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  • Using Shakespeare’s King Lear to Teach Symmetry, Metaphor, and the Rhetorical Question
  • Kathleen McEvoy (bio)

In "To Write Is to Read Is to Write, Right?" David Kaufer and Gary Waller (1985: 72) write, "Teaching students to read or to write without also teaching them to read to write . . . is not to teach them to read or to write [at] all. It is only to teach them the thin parodies of reading and writing represented by these extremes." Essentially, Kaufer and Waller argue for a symbiotic approach to reading and writing in which students read and analyze in order to improve their own writing abilities. That does not mean, of course, that students learn to copy other writers' styles but that they learn to understand and adapt what they encounter in reading to their own writing purposes. The ultimate goal for many teachers in composition courses is to assist students in perfecting an individual style, achieving audience awareness, and learning the finer points of rhetoric and argument. We want our students to create effective, persuasive prose. To that end, we may show them examples of good prose or use readings to generate writing topics, but we can also use readings specifically to teach students rhetorical devices such as symmetry, metaphor, and the rhetorical question. Once students see how these devices work within a text, they will be able to incorporate them into their own prose more easily.

While virtually any type of reading can accomplish this goal, a truly excellent text for teaching students the importance of symmetry, metaphor, [End Page 409] and the rhetorical question is William Shakespeare's tragedy King Lear. Works of literature provide not only an opportunity to teach rhetoric but also an opportunity to help students appreciate the value of reading and analyzing literature. In Rhetoric for Academic Reasoning, L. Bensel-Meyers (1992: 321) argues that a "helpful way to reason about the value of a poem, play, or novel is to view the literary work as rhetoric, as the author's ongoing conversation about the value of human existence." In Shakespeare's plays, this "ongoing conversation" results in a rhetoric that is extremely potent, emotional, and effective. Rex Gibson (1992: 156) puts it best: "There is no more powerful vehicle for teaching language than Shakespeare's plays. They are filled with argumentative human voices that plead, cajole, reason, threaten and debate. In a huge variety of ways Shakespeare's voices contend, dispute and enjoin as they seek to influence, convince or spur to action. All are examples of rhetoric in action: the persuasive use of language." King Lear is an especially good choice because the precipitating event of the tragedy centers on an issue of rhetoric: the contest among the sisters to prove—through speech—which one loves her father best. It is also significant that Cordelia fails this test of rhetoric: she cannot express her feelings to her father adequately, and the miscommunication between them sets the action of the play into motion. In this way, the play directly proves to students how important rhetoric can be.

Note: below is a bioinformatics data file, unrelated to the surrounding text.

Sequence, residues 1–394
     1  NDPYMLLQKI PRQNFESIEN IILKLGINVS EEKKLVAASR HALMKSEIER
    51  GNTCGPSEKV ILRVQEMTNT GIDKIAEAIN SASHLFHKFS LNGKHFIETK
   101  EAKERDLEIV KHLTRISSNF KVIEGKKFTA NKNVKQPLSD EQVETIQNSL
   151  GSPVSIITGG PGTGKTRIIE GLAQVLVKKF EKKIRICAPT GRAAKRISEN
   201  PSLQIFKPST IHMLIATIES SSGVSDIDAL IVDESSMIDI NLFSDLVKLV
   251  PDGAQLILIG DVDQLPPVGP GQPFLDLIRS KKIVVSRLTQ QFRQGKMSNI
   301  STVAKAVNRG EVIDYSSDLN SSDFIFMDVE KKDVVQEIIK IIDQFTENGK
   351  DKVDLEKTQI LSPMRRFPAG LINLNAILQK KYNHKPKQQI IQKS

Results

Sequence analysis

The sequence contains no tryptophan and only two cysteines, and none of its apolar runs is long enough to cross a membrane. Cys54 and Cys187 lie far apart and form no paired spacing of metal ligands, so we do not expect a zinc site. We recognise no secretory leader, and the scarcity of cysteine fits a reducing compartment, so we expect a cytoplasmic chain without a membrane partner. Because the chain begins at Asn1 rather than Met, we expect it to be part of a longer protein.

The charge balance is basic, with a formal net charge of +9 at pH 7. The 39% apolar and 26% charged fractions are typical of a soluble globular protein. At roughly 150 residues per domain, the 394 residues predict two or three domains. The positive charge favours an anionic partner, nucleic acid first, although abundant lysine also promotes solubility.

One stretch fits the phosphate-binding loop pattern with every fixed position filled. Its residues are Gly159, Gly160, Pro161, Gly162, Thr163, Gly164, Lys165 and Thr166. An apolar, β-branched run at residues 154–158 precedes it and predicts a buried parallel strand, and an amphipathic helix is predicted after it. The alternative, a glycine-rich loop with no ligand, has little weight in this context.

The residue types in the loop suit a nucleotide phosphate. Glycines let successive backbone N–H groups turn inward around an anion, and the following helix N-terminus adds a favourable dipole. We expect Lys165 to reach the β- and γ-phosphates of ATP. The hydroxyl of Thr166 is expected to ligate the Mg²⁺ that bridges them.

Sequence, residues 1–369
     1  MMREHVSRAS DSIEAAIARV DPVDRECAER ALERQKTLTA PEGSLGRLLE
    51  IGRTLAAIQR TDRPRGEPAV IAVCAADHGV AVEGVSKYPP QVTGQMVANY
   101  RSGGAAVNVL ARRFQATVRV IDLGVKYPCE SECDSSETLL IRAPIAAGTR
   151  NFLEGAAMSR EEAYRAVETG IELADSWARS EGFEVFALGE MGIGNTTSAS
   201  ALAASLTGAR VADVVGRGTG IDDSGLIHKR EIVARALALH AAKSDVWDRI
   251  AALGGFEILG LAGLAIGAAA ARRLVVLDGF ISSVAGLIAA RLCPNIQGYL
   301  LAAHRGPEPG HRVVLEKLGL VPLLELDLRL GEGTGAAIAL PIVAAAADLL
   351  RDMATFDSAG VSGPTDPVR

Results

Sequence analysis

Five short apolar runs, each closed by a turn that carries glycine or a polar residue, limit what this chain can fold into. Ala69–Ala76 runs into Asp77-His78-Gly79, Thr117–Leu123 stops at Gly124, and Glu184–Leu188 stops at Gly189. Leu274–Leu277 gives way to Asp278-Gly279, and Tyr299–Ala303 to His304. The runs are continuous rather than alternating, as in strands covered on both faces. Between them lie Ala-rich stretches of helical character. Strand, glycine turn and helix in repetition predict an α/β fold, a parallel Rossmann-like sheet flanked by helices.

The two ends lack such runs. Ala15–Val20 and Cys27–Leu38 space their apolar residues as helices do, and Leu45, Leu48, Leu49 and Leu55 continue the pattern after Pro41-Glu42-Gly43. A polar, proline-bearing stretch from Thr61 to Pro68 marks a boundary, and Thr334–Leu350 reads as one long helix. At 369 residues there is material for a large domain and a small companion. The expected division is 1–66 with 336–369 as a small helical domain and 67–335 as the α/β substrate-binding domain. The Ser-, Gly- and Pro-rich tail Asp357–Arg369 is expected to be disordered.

The speeches of King Lear burst forth with persuasive and passionate rhetoric filled with symmetry, metaphor, and rhetorical questions. Students reading King Lear with an eye toward identifying these rhetorical devices can learn precisely what these rhetorical devices are, why they are useful, how they work in the play, and how they can be adapted to their own writing. In this article, I analyze both how these particular devices work within the play and some of the ways I have used King Lear to teach students these devices, both in my composition courses and in a special January course titled "Rhetoric and Madness."

First, however, a note about mediating Shakespeare's language. Too often, students believe that Shakespeare is impenetrable, that only English majors can understand him, or that they are simply too dumb to get it. None of that is true, and the teacher must disabuse students of these beliefs for teaching to be successful. Choosing the right edition goes a long way in helping students get over their fears of Shakespeare. Clearly, students need an edition that helps them understand the text of the...


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pp. 409-425
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